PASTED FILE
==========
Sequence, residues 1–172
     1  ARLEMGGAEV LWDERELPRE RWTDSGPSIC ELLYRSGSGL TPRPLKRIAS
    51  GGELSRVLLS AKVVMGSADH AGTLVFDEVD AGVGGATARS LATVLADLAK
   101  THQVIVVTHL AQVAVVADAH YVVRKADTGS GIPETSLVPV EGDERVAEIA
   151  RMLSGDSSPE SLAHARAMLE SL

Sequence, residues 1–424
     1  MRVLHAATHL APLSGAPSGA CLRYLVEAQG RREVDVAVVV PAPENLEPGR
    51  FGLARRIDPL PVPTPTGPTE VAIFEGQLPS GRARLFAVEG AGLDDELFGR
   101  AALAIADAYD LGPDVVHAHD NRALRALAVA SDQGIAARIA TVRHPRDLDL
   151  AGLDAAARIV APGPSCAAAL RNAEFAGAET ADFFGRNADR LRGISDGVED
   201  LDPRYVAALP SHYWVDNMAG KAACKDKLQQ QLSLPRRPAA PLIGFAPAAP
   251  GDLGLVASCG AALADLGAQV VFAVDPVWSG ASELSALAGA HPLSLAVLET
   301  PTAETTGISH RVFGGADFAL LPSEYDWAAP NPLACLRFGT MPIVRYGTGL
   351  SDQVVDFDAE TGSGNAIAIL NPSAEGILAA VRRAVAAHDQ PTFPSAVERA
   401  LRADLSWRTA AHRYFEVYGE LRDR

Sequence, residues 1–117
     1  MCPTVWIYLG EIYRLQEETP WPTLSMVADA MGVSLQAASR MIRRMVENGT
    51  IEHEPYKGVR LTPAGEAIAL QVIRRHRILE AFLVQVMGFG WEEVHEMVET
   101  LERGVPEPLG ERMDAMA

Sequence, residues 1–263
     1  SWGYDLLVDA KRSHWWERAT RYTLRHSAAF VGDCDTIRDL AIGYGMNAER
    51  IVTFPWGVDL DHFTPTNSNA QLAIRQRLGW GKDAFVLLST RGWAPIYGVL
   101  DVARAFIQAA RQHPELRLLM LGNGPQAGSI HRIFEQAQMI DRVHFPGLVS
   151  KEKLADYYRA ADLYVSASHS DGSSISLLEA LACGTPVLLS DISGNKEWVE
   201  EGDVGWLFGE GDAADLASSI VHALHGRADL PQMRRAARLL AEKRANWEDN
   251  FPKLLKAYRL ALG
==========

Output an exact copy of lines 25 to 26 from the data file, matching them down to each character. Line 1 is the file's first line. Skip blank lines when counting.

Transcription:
   201  EGDVGWLFGE GDAADLASSI VHALHGRADL PQMRRAARLL AEKRANWEDN
   251  FPKLLKAYRL ALG